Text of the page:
Your roses are looking fabulous. I am coming to realise how precious garden space is and that you do have to make good choices!

    1. Yes, hence occasional ruthlessness!

  2. Emma Cownie says:

    Roses are such lovely flowers. I found one flowering in my (rather overgrown) garden in Donegal. I pruned it back and enjoyed the flowers I’d cut in a jar for days. In Donegal, there are rose bushes (probably gone very wild) that have grown to humungous dimensions – there was one I saw that was 20 foot by 40 foot, covered in little pink roses.

    1. I love to see roses gone wild like that. When they can really take up space.

      1. Emma Cownie says:

        Yes, I’d never seen such as massive “bush”.

  3. Smells like “apple tart” is not good in rhyming slang territory perhaps that why they chose ‘apple strudel’

  4. bcparkison says:

    Well I can dream .

  5. Heyjude says:

    Smells delicious!! Well it does in my imagination. Enjoy Albrighton – it is a fabulous garden and I am sure you won’t come away empty-handed!

    1. I was very well-behaved, Jude! Lots of photos and a few mental notes!!

      1. Heyjude says:

        I look forward to seeing some of your photos 🙂

  6. Beautifully done Ali.

  7. A beautiful rose. I gave David Austin’s ‘Boscobel’ as a wedding present this week. I keep meaning to visit Albrighton when I’m in Shropshire but have yet to manage it. Enjoy!

    1. What a lovely present. ‘Boscobel’ was one of the stand-out roses yesterday.

  8. Sandy Baham says:

    What tantalizing photos! I will be ordering 3 of these beauties soon for my garden. Can’t fault you for swiping that Penstemon, the combo is perfect!
    I enjoy your newsletter so much, thanks!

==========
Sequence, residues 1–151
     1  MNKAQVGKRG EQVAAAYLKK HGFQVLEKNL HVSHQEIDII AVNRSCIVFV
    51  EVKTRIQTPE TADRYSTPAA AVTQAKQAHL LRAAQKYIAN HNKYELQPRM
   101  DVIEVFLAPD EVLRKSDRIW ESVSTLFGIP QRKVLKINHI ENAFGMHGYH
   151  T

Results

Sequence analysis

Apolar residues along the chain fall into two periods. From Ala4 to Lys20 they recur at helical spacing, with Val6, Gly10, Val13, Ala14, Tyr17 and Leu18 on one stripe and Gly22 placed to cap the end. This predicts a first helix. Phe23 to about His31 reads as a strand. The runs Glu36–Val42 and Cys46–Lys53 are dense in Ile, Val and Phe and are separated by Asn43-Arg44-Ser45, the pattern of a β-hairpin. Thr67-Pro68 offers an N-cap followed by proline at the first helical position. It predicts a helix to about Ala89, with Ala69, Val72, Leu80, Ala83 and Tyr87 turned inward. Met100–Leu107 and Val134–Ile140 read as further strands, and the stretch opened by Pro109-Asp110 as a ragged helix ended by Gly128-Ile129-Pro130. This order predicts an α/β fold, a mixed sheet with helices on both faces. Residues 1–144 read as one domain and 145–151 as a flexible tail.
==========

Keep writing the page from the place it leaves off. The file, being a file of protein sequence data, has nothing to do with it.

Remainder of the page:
1. That is lovely to hear, thank you Sandy!

  9. Cathy says:

    I always thoroughly enjoy your rose posts, Ali, and this was no exception. i am therefore looking forward to your next post, assuming you will write about your visit to Albrighton – what a glorious time you will have had. If we had been at home over the w/e I would have asked if you wanted to make a detour and pay us a visit, but we weren’t…

    1. Ah, that would have been lovely Cathy! We did have a lovely visit to Albrighton, and I will try to get working on that post at the weekend.

      1. Cathy says:

        There was no doubt you would enjoy your visit to DA – have you been before? You must have been in your element there, as I was of course! I look forward to your post in due course

      2. I have been before, three years ago, at about the same time of year. Which is a shame in a way, because I seem to have timed it so that most roses are in that stage between the first and second flush of flowers! One year I will aim to go in the second week of June!

      3. Cathy says:

        Yes, that was bad planning! I have just checked and it was the first week in June we went which was an ideal time, although not planned as such – it was FIVE years ago though! Definitely need another visit 🙂

  10. John Smith says:

    Hi Ali, can I ask do you think Roald Dahl has enough repeatability of flowering to be used in a separate rose bed, or do I need to go the very highly regarded Lady Emma? I currently have 3 Roald Dahl planted in a partially shaded spot, which in truth havent set the world alight. I am not sure if its the variety or the position. I will move them in the autumn and will be creating a new bed in my front garden. I am tempted to start a fresh with Emma in this bed, based on the reviews of this rose, but it seems a shame to just discard my existing bushes.Thank you

    1. Roald Dahl for me (sunny spot, not fantastic soil, but lightened by lots of well-rotted manure) repeats very well – one of the best. It repeats with lots of blooms too, nicely spaced. Lady Emma Hamilton is one of my favourites and pips Roald because of the scent and colour. I realise that doesn’t help you!!